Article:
As discussed in the presentation ‘Diabetes’, type 2 diabetes refers to the second category of diabetes mellitus as distinct from diabetes insipidus. Further details about the latter condition can be seen in that particular presentation. The common symptoms experienced by the patient with diabetes mellitus, whether that’s type 1 or type 2, is polyuria, that is the passage of large volumes of urine, and as a consequence thirst. This is because the glucose in the blood stream which ordinarily is controlled within very strict parameters, becomes uncontrolled allowing the blood glucose to rise and then to appear in the urine. This has an osmotic effect on the water in the body, resulting in the loss of large volumes.

In type 1 diabetes there is a lack of insulin produced by the pancreas due to the body destroying its own pancreatic cells. In type 2 diabetes paradoxically there is an excessive production of insulin which leads to insulin resistance, or conversely a loss of insulin sensitivity. And this latter state of affairs arises almost always because the pancreas is prompted to secrete insulin every time that food, in particular carbohydrate, is taken into the body.

It is not so much the quantity of food that produces this effect but more so the type of food, in particular carbohydrate and in particular the frequency of that intake of carbohydrate.

Under ordinary circumstances when food is digested and absorbed into the blood stream the insulin will rise in response and that has the effect of pushing the glucose into the cells for immediate utilisation. And if it cannot be utilised immediately then it is converted into stored adipose tissue. Glucose levels will fall fairly promptly back to baseline levels and insulin levels will also decrease to zero over a longer period.

If however another meal is taken in, particular one that is high in carbohydrate content, then the process is repeated and if this happens on a sufficiently regular basis then effectively the insulin level never returns to zero.

The inevitable effect on the cells of the body is a detrimental one in that they become more and more resistant to insulin and it therefore takes more insulin, produced by the pancreas, to counteract this constant bombardment of glucose. The body is trying its best to keep the blood glucose levels within the safe range. At some point the cells of the body will simply say “no more” at which point there is then a relative lack of insulin allowing the glucose to rise above its upper limit and appear in the urine.

Glucose in the urine is not necessarily a problem although of course it means that it is being wasted which in itself is not an issue in an individual who is constantly supplying the body with food. The main problem with diabetes is the chronically elevated blood glucose which has a significant detrimental effect on a number of organs in the body in particular the kidneys themselves, resulting in chronic renal failure, and the retina resulting in dramatic deterioration in vision and eventually blindness.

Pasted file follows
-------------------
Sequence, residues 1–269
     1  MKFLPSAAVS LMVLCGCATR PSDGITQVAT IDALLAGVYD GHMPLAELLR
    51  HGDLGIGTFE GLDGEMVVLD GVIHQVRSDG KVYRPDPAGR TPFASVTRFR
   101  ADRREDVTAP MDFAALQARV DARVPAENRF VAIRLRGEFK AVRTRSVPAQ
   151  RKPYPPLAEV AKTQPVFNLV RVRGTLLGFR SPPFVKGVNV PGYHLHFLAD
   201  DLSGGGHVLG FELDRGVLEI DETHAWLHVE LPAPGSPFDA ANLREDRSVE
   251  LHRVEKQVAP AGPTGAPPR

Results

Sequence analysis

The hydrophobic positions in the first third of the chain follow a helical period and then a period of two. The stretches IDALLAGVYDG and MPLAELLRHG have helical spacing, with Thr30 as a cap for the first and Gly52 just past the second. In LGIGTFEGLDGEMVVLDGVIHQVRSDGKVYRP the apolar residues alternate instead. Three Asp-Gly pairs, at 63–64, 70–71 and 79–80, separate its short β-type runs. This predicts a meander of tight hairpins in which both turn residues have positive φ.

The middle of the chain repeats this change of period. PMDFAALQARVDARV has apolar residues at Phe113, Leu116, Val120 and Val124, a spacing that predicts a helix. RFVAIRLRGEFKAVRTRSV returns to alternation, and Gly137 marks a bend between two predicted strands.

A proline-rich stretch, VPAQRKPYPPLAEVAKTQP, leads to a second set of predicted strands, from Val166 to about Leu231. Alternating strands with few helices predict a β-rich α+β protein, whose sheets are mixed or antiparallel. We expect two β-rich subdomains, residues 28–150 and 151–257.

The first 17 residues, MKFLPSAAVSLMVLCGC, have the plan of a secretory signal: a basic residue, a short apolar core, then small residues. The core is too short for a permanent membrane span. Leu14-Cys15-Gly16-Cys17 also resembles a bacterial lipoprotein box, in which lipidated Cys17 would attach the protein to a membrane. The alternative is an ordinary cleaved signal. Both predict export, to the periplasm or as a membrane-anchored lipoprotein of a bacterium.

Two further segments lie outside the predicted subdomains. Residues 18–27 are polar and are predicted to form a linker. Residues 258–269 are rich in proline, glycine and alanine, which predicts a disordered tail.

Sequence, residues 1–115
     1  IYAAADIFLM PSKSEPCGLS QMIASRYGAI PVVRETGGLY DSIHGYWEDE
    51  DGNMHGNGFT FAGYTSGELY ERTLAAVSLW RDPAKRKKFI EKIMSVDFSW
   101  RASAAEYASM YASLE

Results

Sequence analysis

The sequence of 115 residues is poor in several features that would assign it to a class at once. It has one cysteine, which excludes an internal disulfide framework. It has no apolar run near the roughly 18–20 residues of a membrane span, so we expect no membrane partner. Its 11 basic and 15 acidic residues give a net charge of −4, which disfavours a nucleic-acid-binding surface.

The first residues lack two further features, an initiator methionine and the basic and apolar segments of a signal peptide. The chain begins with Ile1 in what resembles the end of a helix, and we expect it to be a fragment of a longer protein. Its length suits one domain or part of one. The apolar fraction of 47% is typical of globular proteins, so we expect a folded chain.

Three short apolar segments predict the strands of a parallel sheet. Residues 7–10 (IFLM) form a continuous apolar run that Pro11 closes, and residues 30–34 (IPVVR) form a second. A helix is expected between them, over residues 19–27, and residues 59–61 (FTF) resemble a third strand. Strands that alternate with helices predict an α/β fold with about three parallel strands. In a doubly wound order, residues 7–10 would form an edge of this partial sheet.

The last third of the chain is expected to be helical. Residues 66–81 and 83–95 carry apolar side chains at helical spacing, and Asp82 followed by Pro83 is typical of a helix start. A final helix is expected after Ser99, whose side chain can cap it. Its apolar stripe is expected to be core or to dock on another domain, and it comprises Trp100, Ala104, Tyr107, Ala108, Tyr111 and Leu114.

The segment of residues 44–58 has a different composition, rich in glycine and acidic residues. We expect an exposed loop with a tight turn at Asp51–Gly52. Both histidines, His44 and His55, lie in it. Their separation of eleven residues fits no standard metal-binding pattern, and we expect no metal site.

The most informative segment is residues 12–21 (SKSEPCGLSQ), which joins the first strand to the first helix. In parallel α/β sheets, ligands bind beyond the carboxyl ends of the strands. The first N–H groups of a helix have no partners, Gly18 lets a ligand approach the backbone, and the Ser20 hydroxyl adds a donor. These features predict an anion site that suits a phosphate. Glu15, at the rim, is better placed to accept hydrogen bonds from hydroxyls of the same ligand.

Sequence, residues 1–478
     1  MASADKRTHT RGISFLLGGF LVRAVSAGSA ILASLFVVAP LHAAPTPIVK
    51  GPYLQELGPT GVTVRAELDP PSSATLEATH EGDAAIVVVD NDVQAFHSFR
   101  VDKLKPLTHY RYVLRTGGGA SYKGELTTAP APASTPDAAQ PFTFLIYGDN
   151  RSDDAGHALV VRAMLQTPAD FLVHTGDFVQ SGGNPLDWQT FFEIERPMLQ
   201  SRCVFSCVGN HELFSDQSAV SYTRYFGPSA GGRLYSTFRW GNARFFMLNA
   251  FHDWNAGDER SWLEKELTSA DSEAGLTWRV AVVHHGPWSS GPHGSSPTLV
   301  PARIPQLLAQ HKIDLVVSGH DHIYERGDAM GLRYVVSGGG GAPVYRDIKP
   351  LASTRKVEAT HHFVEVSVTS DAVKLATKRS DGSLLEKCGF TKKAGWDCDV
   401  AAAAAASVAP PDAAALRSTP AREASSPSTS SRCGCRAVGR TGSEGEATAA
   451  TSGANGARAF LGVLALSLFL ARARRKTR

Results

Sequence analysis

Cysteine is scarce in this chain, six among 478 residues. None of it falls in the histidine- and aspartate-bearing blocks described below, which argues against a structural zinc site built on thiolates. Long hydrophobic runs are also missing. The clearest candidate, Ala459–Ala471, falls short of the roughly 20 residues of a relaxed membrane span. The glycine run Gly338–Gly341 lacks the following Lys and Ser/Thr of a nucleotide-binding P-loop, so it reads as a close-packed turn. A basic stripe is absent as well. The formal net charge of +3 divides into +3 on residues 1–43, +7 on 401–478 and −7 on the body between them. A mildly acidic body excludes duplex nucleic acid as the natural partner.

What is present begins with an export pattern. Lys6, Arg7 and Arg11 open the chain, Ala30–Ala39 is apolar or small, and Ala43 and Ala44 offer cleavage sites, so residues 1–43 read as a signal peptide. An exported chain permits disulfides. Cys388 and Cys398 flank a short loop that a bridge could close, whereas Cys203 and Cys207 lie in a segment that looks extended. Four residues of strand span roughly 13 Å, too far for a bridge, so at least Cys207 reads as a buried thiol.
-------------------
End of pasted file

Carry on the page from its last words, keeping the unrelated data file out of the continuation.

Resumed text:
It also has an effect on the small blood vessels leading to a shut down and as a consequence ischemia otherwise known as gangrene. It also effects the nerves of the body effectively stopping them working and this is known as a diabetic neuropathy.

90% of type 2 diabetics are either overweight or suffering from obesity and it is all down to the development of insulin resistance as previously described. Unfortunately for most patient’s medical treatment is directed reactively and not proactively. This means that most doctors will treat the lack of insulin with medication when in fact they should be managing the root cause.

The traditional medication for diabetes is to force the pancreas to either produce more insulin or to increase insulin sensitivity. At some point, of course this will fail to have an adequate effect at which point the administration of insulin itself, by injection, will be necessary. This is the worst possible scenario as of course, as previously discussed, more insulin will further increase insulin resistance.

The most definitive, efficient and logical way to treat type 2 diabetes is to assist the body in regaining its own insulin sensitivity and the only way to do that is to reduce the output of insulin from the pancreas. And the only way to do that is to stop giving it carbohydrate.

This is the rationale behind point 1 and point 3 of the Nysteia Formula namely intermittent fasting and Mediterranean type cuisine with a significant emphasis on reducing the intake of refined carbohydrate. There is an increasing amount of evidence that this is an extremely effective way of managing type 2 diabetes and in most cases the condition can be completely reversed.